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The Cover Story
Meet TIME's Next Generation Leaders
By Eliza Berman and Lily Rothman
Senior Editors, TIME

Akwaeke Emezi prefers the word "amplifier" to "leader." The award-winning Nigeria-born writer, whose June memoir marks their fourth book in as many years and almost as many genres, aims “to climb as high as possible and be as bright as possible” in order to make their vision of a better world that much closer to reality. Through their storytelling—which, in the case of their new book, tackles such topics as navigating a publishing industry that has long centered whiteness—they aim to lead the way to a gentler, freer society.

Getting to know Emezi leaves no doubt: Leadership comes in many different forms and means different things to different people. That's a big part of the reason why it was such a pleasure to put together TIME's latest list of Next Generation Leaders. At a time of great uncertainty—about our changing climate and the ongoing quest for racial justice worldwide, about our ability to put a devastating global pandemic behind us and work through political divides—they all, in their own ways, prove that hope need not be elusive after all.

American performer Anthony Ramos, who's about to get his first leading role in a major movie in the adaptation of the musical In the Heights, hopes the very fact of seeing his face on the big screen will provide inspiration to kids who, much like him, never saw a place for themselves under the bright lights. In an industry with a history of misogyny, Japanese entrepreneurs and twin sisters Anna and Mizuki Nakajima are building an inclusive gaming business, both among their company's ranks and in the characters and storylines of their mobile games.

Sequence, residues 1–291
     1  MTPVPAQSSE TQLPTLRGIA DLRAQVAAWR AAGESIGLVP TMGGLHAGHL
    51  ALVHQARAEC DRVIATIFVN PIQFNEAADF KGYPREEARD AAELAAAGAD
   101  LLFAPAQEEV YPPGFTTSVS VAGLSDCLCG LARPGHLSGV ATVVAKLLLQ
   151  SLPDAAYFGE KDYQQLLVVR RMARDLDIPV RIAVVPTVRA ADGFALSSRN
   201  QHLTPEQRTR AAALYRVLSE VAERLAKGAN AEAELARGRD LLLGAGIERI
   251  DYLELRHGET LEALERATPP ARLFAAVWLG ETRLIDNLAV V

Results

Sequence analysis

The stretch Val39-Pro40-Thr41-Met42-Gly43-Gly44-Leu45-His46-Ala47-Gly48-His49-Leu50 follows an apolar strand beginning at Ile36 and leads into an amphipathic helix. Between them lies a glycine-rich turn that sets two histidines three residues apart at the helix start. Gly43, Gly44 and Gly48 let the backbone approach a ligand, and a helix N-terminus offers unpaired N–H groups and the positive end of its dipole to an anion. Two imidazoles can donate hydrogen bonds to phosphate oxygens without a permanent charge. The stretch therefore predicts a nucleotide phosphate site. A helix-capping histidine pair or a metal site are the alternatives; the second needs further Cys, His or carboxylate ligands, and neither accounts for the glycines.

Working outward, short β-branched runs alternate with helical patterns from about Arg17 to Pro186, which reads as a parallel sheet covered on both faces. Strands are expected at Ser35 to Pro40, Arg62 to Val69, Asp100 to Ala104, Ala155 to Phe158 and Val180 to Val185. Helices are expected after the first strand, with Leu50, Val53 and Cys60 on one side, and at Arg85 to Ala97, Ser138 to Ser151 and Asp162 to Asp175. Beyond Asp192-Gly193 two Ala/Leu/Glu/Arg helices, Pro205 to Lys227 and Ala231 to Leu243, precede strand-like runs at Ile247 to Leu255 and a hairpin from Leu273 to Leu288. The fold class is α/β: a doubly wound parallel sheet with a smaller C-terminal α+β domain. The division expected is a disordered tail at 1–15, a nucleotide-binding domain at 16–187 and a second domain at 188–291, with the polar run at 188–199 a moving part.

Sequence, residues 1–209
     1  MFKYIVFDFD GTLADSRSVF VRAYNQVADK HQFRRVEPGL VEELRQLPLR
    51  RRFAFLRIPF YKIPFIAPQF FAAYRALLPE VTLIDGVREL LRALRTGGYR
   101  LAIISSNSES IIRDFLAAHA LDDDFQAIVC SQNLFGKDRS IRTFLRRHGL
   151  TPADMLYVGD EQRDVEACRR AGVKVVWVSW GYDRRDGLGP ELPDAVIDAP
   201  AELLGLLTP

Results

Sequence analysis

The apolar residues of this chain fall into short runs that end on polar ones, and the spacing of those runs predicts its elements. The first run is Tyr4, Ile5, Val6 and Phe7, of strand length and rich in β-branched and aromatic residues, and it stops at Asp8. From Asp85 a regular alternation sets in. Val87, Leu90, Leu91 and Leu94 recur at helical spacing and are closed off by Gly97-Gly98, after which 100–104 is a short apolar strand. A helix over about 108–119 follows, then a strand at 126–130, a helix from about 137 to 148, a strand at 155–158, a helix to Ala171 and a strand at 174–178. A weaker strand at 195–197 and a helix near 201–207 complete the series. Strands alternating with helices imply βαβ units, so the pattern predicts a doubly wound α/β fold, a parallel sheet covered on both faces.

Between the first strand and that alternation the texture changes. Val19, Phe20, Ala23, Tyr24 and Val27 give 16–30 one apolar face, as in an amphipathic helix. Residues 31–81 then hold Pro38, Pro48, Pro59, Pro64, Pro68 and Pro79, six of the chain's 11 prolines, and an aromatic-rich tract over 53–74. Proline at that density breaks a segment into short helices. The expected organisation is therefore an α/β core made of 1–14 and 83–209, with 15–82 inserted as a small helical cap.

French-Lebanese volcanologist Yves Moussallamis deepening our understanding of the changing climate by gathering crucial data from dangerous, remote locales, while Australian activist Grace Tame works to eradicate a culture of silence around sexual assault. Afro-Brazilian pop star Iza wields her platform to speak out about racism, and Zarifa Ghafari, who at 27 is the youngest mayor in Afghanistan and one of few female politicians in the country, leads by staying focused on providing practical solutions to the problems of daily life—not allowing even assassination attempts to shake her resolve.

These 11 young leaders prove that whatever our passions might be—scaling climbing walls, finding new takes on classic recipes or training a camera on the fashions of a continent—if we lead by example, with equal parts grit and compassion, there's no telling how many we'll inspire to make their own marks on the world.

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